One might view the Court’s interpretive approach at one isolated part of the judgment, in testing obiter whether the 2014 NVs would constitute subsequent agreement or practice under Article 31(3) VCLT by reference to whether they demonstrated any “pre-existing agreement,” as being in tension with the classical approach to treaty interpretation. The interpretation of treaties is not necessarily determined by a “fixed ‘original intent’, but must rather be determined by taking into account a broader range of considerations, including certain later developments,” and in this context the parties’ subsequent agreement or practice can be an authentic means of interpreting a treaty (see e.g. Second Report of the Special rapporteur, Mr. Georg Nolte at the 66th session of the ILC (2014) A/CN.4/671, at pp. 50-51; Yearbook of the International Law Commission (1966), vol. II, p. 221, para. 15).

The Court’s approach, however, is explicable on the particular facts of Sanum v Laos, not solely because of the timing issues, but also because the PRC-Laos BIT, like many investment treaties, specifically creates legal rights and obligations that are intended for the benefit of third parties to the treaty. And here, where such rights and expectations have accrued to particular persons claiming under the BIT, the Court should weigh such accrued third party rights in the balance in deciding how much evidential weight to accord the 2014 NVs. Indeed, under Article 31(3) VCLT, the Court need only “take[] into account” any such subsequent agreement or practice. The Court’s approach is consistent with an emerging view that the interpretation of treaties which establish rights for other states or actors may be less susceptible to post-hoc “authentic” interpretation by its parties in the context of a dispute (see e.g. Sempra Energy International v. Argentine Republic (ICSID Case No ARB/02/16, Award, 28 September 2007, para. 386)).

The implications for future determinations of the applicability of PRC BITs to Chinese Special Administrative Regions remain unclear. While clarifying that post-hoc documents that retroactively alter the scope of those treaties will be not be given effect, the Court also confined its findings to the features of the particular PRC-Laos BIT. The Court appeared to accept obiter that, had the PRC-Laos BIT, like NAFTA, permitted the States to issue binding interpretive statements, the 2014 NVs might have resulted in a different outcome. The effect of binding interpretive statements are far from non-controversial, having on occasion sparked rebuke from Tribunals that have seen it as a way for Contracting States to avoid liability (see Pope & Talbot v Canada, Award in Respect of Damages, 31 May 2002). Commentators have also noted that some interpretative statements are tantamount to retroactive amendments, which may undermine the rule of law (see e.g. Kaufmann-Kohler, Interpretive Powers of the Free Trade Commission and the Rule of Law in Gaillard and Bachand, Fifteen Years of NAFTA Chapter 11 Arbitration (JurisNet LLC, 2011), at pp.190-192). Given the increasing number of newer generation investment treaties that permit Contracting States to issue binding interpretive statements, this will continue to be a fertile topic for debate.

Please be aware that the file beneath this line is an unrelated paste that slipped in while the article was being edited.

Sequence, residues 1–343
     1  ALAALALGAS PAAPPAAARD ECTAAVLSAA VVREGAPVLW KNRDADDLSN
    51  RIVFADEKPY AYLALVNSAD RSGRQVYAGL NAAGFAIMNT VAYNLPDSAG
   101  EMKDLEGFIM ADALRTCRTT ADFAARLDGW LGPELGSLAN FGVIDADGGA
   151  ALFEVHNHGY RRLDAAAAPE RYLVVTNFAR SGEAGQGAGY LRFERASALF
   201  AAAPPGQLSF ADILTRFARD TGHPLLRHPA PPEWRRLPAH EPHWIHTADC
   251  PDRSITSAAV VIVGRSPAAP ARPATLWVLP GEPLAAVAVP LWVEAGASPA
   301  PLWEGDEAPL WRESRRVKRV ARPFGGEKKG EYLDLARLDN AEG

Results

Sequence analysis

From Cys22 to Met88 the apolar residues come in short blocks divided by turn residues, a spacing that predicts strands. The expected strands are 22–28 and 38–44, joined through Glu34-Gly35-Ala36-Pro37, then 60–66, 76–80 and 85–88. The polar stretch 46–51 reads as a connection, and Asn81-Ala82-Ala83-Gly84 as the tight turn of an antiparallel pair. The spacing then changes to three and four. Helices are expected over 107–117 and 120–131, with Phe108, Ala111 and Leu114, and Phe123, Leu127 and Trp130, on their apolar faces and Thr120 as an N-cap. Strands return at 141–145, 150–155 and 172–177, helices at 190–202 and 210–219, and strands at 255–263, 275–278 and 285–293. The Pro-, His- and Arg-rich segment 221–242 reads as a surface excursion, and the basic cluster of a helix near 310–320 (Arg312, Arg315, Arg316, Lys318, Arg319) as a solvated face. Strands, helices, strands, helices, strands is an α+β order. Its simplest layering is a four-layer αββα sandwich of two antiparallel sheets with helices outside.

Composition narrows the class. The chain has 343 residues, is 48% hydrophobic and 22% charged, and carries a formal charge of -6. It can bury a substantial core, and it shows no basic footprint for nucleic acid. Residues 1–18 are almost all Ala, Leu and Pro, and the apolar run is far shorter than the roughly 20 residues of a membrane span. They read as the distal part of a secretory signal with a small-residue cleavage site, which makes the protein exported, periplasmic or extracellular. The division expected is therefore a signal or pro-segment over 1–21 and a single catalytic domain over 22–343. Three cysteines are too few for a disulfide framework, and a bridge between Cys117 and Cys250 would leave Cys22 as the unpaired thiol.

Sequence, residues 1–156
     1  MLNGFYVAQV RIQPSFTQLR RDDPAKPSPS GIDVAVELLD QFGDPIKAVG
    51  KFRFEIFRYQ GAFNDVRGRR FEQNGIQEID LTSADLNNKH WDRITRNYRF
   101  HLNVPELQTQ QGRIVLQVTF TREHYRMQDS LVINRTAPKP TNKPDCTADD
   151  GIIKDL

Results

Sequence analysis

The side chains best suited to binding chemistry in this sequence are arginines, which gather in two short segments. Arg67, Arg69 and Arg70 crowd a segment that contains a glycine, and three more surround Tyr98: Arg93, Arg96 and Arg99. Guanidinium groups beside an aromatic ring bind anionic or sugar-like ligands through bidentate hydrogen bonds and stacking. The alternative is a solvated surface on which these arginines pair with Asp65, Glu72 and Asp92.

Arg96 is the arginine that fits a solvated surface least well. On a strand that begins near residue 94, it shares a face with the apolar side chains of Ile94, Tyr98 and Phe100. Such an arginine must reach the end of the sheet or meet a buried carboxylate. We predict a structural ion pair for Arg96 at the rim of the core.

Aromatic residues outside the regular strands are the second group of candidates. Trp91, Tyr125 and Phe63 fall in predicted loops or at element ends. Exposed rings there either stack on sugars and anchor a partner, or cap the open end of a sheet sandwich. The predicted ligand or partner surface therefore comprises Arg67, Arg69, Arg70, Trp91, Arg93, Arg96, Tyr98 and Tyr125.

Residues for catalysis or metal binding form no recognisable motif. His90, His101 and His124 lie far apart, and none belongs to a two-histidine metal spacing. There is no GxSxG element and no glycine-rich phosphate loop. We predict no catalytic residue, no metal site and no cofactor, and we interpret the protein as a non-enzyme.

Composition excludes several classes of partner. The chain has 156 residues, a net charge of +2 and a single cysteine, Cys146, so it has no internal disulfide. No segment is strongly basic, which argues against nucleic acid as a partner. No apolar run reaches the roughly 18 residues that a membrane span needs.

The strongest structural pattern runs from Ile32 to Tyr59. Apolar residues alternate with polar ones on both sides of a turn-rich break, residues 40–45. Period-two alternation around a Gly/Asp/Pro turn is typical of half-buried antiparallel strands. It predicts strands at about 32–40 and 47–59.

Notably, the PRC Ministry of Foreign Affairs has recently issued a statement criticizing the judgment, and repeating its position that PRC treaties do not apply to Macau and Hong Kong. Given how much of the Sanum judgment was focused on the particular facts of the case, it remains unclear how future tribunals or courts will approach the territorial scope of different PRC treaties in different contexts, in light of the state practice of the PRC, and the conduct of other states in response—although the Court’s careful forensic analysis of the various pieces of extrinsic evidence will no doubt be of considerable influence.

Finally, with respect to the “amount of compensation” clause, the SGCA read Article 8(3) purposively in light of the principle of effective interpretation, and was careful to give Article 8(3) a meaning that would not render nugatory the investor protections under the BIT. The Court did not find the ordinary meaning of the words in the BIT to be dispositive, as the PRC-Laos BIT was at best ambiguous. This approach may be contrasted to the decision of the Svea Court of Appeal in Juan Ignacio and others v Russia, Case No T 9128-14, 18 January 2016, which, in setting aside the award in the Renta 4 case, took a highly textual approach to interpreting a similar clause in the Russia-Spain BIT. In contrast, the SGCA focused more comprehensively on the object, purposes and other provisions of the BIT (in particular its fork-in-the-road clause), while being careful to limit its conclusions to the PRC-Laos BIT.


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One comment

  1. I was surprised to see that the BIT applied to a Macanese enterprise as an investor of a Contracting State (PRC) when the same enterprise would be treated as a foreign investor under mainland domestic law.